This week I was struck by a piece in the FT arguing that “nasty leaders can be successful – if they don’t cross the line.’ The piece described some bullies who had seemingly produced excellent results, and who were not as unpopular as their behaviour might suggest. The article was careful not to suggest bullying as a strategy, of course, but the subtext is clear. If you get results, you can usually ‘get away’ with bad behaviour.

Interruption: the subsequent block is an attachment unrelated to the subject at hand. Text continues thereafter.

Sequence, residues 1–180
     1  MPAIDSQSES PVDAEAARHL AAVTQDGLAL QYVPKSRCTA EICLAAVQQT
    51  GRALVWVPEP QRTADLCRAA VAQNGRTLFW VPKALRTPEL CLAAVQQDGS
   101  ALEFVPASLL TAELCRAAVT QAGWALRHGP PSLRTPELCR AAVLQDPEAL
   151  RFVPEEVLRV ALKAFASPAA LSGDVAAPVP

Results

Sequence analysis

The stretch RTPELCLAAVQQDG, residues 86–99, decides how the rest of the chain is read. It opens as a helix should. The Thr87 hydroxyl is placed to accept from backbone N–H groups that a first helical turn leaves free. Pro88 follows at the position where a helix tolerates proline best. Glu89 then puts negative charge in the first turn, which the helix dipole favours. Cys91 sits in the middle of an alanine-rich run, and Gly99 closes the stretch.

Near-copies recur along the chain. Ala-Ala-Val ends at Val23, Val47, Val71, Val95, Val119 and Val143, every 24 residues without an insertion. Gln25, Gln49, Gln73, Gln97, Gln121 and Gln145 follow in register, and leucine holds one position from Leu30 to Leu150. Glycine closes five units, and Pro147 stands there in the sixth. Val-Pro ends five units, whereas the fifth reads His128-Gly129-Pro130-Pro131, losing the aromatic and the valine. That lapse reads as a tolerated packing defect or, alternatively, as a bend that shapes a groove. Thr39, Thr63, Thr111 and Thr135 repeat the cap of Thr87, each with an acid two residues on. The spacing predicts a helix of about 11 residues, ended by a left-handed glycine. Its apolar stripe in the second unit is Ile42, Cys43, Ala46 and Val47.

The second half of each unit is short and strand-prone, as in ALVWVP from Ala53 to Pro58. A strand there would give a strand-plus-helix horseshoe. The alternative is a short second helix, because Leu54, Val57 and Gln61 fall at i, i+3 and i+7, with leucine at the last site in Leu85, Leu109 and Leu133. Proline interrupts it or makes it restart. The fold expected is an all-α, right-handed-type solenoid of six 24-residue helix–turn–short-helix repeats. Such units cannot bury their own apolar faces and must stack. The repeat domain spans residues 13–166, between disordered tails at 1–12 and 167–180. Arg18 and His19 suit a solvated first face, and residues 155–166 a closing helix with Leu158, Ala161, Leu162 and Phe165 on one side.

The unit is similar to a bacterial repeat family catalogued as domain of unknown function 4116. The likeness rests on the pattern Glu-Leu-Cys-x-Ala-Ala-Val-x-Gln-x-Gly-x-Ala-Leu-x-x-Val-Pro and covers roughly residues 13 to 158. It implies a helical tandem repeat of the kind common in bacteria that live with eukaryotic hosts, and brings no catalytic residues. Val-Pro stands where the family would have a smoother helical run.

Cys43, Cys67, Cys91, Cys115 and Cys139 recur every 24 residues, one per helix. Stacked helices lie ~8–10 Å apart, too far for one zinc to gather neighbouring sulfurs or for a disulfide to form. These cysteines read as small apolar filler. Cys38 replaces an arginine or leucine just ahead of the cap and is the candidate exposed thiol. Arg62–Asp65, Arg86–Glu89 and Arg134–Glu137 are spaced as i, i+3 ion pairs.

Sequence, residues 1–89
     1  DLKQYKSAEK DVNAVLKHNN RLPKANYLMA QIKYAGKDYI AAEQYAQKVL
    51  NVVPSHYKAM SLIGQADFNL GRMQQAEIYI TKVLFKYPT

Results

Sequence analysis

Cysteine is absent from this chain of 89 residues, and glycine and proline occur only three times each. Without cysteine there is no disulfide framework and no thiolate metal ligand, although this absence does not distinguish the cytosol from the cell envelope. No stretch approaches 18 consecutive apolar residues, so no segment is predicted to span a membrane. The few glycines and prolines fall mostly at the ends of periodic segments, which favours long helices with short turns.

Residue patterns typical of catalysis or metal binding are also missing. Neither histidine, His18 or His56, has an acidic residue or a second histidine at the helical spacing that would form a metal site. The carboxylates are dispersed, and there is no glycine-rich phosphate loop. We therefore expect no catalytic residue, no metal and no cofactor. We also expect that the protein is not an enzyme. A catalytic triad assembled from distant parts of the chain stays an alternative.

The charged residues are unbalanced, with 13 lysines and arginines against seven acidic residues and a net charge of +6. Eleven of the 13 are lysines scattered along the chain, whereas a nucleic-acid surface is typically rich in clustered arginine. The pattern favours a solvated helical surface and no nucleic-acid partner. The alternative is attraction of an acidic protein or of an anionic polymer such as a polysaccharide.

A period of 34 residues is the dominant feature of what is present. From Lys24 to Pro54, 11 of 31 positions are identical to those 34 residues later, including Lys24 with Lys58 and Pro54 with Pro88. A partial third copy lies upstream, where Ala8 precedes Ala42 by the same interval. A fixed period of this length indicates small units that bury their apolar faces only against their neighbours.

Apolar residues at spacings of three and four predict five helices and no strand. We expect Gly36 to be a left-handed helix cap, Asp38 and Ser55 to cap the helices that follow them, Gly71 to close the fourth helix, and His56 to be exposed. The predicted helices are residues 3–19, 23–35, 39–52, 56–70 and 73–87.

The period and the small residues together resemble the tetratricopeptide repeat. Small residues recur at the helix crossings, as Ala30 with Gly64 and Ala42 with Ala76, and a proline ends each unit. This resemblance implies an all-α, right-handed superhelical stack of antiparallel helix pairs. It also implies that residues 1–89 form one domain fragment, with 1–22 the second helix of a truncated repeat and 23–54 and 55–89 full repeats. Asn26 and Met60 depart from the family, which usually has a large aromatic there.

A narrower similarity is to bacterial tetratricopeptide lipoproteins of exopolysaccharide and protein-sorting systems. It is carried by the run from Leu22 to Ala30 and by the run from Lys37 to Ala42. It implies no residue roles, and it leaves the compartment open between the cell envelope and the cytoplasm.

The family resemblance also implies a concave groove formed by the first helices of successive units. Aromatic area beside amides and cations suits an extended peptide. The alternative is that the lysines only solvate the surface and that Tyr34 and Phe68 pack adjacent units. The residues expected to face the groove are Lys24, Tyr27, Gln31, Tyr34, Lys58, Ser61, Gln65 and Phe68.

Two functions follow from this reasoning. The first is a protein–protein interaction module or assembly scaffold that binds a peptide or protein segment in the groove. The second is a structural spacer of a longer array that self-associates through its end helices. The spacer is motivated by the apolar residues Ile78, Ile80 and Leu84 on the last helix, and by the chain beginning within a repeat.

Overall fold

And we know this to be true, because we see it every day in our organisations, both public and private, and in politics as much as in the professions. But before you nod sadly and move swiftly on, please stop for a moment. You are being had. This is classic ‘end justifies the means’ morality, and we are so used to it as the prevailing ethical narrative that it seems irrefutable and unremarkable. Read More